B: And we went finally all the way up to the Chosin Reservoir which was Inchon at the time. Here’s the map I brought along shows exactly where I was.
I: So, this is the map that we’re looking at. Alright.
B: It shows where we went.
B: And all the different names. The Pusan Perimeter and Wonju and Wonson.
I: Um hm.
B: Wonson is where we came when we came back down in kind of shifts. We walked from Hagaru to Chinhungni which was about 30 miles and 30 degrees below zero weather which was very, very cold.
My feet are still messed up a little bit.
I: Oh, I see.
B: Ugly. They sent me a camera. Well, that little girl there, I saw her standing there and I offered her some food, some K rations or A rations, whatever they are. And she went like this (WAVES) and walked away. And then she came back, and she came, and brought this with her.
B: I cry, every time I see it, I get upset.
She gave me that for food. And I gave her the food, and she gave me that. Like this, you know. That’s all she had.
I: Oh, my goodness.
B: So, I kept it as a souvenir.
B: It’s not much. It was, you know, it’s not a diamond or anything like that, but it’s beautiful. We took aboard, they sent thousands of refugees also.
As many as we could get on board. And I think a couple babies were born when we were on the ship. And we came down into Seoul. I got there. We got a lot (INAUDIBLE) I got hit right here. You can see a little mark right here on my eye.
B: See this little mark right there? That’s awfully close. If it had went there, I would have lost my eye. But I didn’t.
It was just this right there. Anyway, I took off and I started looking for the people that, there was a guy named Fellis. And he was our truck driver. He was totally dead. I found him and I found another guy with a shoulder hit. And then I found another guy and I said keep calm. The medics are on their way, and you’ll be out of here very quickly. So just keep calm, you know. And they said okay, they felt they could relax, you know.
And then the medics came and took everybody away that were dead. They took away everybody. Then I went back to where the two guys were watching the ammunition that was on fire, you know. It was put out because it was dark. You could tell if it was burning or not. And they said the wood fire is out we’ve gone he said. But two people came here to talk to us. And I said yeah? Who were they? The guy said we don’t know. They looked like they were officers. They had the uniforms on, you know, with the trench, the coats they wore in the cold.
And they had just left. They were walking away when I got there. And I said I didn’t know. They just wanted to find out what happened. Well, I forgot all about it after that , went on with business, you know. I found out later, much later, that they awarded Charley Begonis and the hill the Silver Star, you know. And when they saw this blood coming down my face, they said here, this is for you. It was a box. They gave me the box.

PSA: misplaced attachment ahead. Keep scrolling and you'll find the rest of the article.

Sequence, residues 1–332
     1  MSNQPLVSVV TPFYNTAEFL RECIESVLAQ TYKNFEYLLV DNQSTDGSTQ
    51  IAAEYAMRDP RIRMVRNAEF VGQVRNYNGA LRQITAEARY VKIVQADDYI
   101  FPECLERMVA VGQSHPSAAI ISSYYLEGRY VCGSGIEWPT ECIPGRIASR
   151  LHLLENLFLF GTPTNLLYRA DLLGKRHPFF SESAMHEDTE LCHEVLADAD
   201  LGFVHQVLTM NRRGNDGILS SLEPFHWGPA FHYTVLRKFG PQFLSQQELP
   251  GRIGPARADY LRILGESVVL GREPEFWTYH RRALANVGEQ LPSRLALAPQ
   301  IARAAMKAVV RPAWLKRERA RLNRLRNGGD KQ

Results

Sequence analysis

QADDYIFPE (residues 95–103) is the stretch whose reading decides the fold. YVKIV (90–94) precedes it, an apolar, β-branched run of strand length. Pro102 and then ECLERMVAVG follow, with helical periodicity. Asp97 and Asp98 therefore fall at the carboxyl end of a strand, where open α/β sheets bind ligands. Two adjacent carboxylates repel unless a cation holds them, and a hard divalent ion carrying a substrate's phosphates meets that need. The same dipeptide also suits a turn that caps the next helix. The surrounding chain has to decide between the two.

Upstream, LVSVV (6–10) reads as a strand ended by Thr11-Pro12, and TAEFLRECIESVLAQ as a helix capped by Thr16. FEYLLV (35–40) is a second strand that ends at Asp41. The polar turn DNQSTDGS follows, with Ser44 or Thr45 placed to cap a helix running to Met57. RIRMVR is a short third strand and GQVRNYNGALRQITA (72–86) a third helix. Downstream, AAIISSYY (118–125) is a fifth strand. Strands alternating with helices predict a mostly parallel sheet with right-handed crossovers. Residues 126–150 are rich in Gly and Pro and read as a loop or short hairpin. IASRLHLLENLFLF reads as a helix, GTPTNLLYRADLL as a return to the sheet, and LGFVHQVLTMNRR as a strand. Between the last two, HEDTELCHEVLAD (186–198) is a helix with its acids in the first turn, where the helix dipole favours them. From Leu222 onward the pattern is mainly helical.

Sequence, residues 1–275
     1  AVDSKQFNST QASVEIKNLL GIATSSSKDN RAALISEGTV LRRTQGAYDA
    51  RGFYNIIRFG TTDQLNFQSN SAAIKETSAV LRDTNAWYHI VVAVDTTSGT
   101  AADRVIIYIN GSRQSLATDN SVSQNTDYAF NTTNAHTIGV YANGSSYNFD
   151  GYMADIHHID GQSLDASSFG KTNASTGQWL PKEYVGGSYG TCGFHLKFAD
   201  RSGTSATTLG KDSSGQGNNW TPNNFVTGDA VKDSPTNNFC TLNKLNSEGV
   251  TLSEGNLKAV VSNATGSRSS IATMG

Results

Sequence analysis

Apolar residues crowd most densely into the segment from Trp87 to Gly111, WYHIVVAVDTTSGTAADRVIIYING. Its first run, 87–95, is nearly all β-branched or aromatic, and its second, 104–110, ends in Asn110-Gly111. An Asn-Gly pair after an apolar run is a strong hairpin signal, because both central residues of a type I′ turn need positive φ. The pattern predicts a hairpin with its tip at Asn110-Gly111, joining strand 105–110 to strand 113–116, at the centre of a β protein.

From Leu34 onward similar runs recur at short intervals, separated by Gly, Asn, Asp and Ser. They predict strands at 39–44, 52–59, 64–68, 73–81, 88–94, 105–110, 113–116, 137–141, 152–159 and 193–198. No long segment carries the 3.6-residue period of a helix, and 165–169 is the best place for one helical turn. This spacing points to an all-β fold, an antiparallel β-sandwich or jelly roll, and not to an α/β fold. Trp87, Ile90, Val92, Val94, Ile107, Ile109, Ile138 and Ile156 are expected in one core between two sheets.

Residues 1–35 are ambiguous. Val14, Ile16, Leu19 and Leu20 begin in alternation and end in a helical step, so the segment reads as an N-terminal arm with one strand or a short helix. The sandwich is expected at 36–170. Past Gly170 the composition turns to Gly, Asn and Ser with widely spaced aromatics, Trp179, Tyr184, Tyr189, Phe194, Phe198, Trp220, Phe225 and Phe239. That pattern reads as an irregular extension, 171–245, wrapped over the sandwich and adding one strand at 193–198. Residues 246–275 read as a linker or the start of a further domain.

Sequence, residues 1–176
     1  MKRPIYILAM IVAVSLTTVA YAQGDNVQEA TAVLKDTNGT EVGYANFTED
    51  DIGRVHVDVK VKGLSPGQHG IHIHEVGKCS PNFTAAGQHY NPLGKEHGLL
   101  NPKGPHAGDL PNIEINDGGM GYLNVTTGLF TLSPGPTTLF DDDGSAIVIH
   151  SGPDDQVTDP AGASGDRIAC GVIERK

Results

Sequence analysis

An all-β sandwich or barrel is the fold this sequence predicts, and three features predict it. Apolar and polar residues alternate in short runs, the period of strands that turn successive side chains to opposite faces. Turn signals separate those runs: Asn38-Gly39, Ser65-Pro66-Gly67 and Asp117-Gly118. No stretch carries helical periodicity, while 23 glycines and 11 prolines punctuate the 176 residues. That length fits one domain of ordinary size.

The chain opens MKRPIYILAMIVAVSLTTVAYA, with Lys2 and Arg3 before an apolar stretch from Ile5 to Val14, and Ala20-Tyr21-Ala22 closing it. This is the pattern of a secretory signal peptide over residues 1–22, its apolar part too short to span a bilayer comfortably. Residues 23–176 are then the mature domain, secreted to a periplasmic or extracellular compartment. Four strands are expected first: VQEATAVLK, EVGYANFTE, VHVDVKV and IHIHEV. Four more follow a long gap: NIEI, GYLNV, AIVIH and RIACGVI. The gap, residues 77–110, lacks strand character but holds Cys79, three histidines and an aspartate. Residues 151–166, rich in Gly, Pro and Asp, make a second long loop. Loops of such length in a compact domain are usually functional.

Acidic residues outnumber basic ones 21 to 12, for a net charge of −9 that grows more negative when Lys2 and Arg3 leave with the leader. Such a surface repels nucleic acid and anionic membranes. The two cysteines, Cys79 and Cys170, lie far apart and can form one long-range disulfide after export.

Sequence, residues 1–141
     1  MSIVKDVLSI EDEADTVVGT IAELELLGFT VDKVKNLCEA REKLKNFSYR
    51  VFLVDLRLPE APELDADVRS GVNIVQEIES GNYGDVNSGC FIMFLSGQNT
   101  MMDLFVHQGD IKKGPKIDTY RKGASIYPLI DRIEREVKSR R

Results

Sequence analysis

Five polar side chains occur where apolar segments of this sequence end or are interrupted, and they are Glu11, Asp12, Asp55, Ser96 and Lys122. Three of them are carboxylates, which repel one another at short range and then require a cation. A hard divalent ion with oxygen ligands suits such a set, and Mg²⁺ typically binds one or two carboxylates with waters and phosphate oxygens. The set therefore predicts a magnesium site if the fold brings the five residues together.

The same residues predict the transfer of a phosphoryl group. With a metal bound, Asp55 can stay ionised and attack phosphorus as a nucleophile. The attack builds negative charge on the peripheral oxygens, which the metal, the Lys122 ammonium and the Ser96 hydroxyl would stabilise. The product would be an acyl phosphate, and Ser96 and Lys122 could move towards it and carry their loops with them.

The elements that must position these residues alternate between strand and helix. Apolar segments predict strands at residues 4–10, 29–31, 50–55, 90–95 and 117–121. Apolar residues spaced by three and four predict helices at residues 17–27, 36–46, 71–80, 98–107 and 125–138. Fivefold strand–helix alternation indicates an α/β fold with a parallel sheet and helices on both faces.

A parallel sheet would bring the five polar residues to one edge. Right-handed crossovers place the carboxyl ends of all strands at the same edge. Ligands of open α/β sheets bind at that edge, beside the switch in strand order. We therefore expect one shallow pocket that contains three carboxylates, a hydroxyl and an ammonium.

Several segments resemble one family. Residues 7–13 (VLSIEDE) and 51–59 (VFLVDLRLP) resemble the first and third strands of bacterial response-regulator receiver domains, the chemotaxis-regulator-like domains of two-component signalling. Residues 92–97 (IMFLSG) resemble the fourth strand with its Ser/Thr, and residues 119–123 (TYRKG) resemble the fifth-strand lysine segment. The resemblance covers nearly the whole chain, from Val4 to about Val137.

They said call the medic. Are you, if you want to go where the medics are at. I said where are they at? They’re up the road about a mile if you wanna walk. I said no way am I gonna go up a dark road in the middle of the night looking for a medic. I’m gonna stay right here where it’s safe, you know. So, I didn’t go. I stayed right there, and they put a patch on my eye. And next morning, they had a pile of clothing they were burning to get rid of. They didn’t want to leave anything for the Chinese, you know.
And then, show the picture of the convoy leaving the Chosin Reservoir. They invited me to lunch.
I: Is that you in the
B: One of those is me.
B: That’s me right there. And they invited me for lunch, yeah. I also took a picture of the convoy leaving the Chosin Reservoir, which was interesting because for history, I didn’t realize it was gonna be history.
But it is. This is the picture I took. On the left, on the right side you can see the convoy, the trucks.
I: I do.
B: And then on the other side you see a lot of smoke. Well, we burnt the town down, the town of Chosin. We totally burned it down so that the Chinese had no place to stay, you know. They went there, there was no place to stay, you know. No cover for them cause it was all, I don’t know. How many did they say came down there, 300,000 Chinese?
I: I think I heard that.
B: It was something like that, a lot of Chinese, you know. And they had no place to stay. So that’s just a picture of one of the power plants that was involved near Chosin. This I don’t understand.
Female Voice: That’s the (INAUDIBLE)
B: I don’t understand this really. That’s why I cut it out of the paper and brought it along anyway because it’s from an old newspaper. You might want to look at that.
You know what it says? It says B29s bomb this thing. And when they drove away, it looked like a mushroom cloud coming up from like an atomic bomb. But no, that’s all. There was no other facts about it, you know?
I: Um hm.
B: Isn’t that weird?
B: It was weird to see that, like an atomic bomb went off. But it wasn’t an atomic bomb I guess. I don’t know.
B: Boy it was cold up there. We huddled in our clothes. We didn’t really have really good clothes to wear, but we had what we had. And it was like 30 degrees below zero. We did the best we could.